Sometimes it can be difficult to relay to people just how much we consume; particularly those of us in developed countries. While purchasing green this and eco-friendly that are all well and good; one of the root causes of our environmental problems is hyperconsumption. We simply buy too much of what we do not need and often even what we do not really want.
CLICK HERE to read this article and the fast facts on consumption relating to various goods, services and resources we use.
Posted on March 24th, 2009
Karla offers some easy and unexpected methods of boosting your antioxidant intake while living on a tight financial budget. This nutrition article also provides a great list of common foods that provide high levels of disease-fighting antioxidants.
With the economy in the position it is in right now, it sometimes is challenging to purchase the best food items in the local grocery store as the cost can be overwhelming. One great way to keep your family healthy is keeping your kitchens stocked with "better" antioxidant choices that will protect ourselves from aging faster than what we should.
CLICK HERE to read full article.
Posted on March 23rd, 2009
I was recently reviewing some Yoga anatomy material by David Keil and was reintroduced to a wonder concept of creating balanced energy and flow in your yoga practice.
David presented the common bandha applications of mula and uddiyana in a more generalized concept throughout the entire body. As a reminder, mula means to root and uddiyana means to flow or rise upwards.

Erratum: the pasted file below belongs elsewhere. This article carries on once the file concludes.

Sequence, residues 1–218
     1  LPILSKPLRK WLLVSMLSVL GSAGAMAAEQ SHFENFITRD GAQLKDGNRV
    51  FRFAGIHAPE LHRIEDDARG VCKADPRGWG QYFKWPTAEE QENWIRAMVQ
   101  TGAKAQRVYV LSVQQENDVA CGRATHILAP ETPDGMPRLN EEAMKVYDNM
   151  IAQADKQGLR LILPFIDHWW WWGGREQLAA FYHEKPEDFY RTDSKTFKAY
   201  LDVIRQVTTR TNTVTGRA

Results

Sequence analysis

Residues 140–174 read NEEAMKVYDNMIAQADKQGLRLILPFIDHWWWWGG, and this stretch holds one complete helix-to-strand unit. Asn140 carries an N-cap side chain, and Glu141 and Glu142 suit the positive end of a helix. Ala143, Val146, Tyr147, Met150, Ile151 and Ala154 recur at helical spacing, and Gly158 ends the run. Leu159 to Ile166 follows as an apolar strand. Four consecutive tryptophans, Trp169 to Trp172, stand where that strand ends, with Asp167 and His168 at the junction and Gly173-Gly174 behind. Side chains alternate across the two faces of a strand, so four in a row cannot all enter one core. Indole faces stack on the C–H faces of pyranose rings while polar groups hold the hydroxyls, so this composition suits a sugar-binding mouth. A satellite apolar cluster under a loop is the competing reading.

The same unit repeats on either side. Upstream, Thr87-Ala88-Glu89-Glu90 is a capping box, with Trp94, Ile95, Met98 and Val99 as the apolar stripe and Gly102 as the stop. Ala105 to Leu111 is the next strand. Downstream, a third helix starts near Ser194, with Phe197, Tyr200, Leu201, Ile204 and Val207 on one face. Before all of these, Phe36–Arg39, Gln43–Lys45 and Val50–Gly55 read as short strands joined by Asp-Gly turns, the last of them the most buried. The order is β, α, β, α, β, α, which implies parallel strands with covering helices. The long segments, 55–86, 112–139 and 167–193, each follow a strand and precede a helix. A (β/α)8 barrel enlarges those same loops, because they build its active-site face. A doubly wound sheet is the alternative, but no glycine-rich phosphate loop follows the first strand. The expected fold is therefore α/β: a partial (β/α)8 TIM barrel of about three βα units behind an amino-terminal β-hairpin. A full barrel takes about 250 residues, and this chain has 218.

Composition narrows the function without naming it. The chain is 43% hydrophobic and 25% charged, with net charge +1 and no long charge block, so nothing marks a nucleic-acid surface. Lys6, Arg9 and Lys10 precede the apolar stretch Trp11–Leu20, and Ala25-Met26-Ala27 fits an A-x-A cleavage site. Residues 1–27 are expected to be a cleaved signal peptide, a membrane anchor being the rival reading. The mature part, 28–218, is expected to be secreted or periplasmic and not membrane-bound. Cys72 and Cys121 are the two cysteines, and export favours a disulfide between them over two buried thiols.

In our yoga practice, we strive to generate expansion and balance. By looking at your practice in terms of creating both a state of mula and uddiyana, we can establish a constant intention towards balance.
We can see how this is applicable with various points in the body. Let's take the foot, for example. In any standing yoga pose, we wish to ground or root (mula) through the toe mounds and heel. This earthy support allows us to draw energy from ground while bringing stability into the physical and mental state of the pose. In an opposing intention, we also wish to engage the medial (inner) arch of the foot. This mimics the intention of uddiyana-bringing a lifting energy from the base of the body up through the crown of the head. Hence, grounding flow downwards into the earth is reciprocated with an uprising intention. With lines of opposing energies and intentions, a natural expansion forms in the body. This physical expansion then readily transmits back through the nervous system into our mental practice.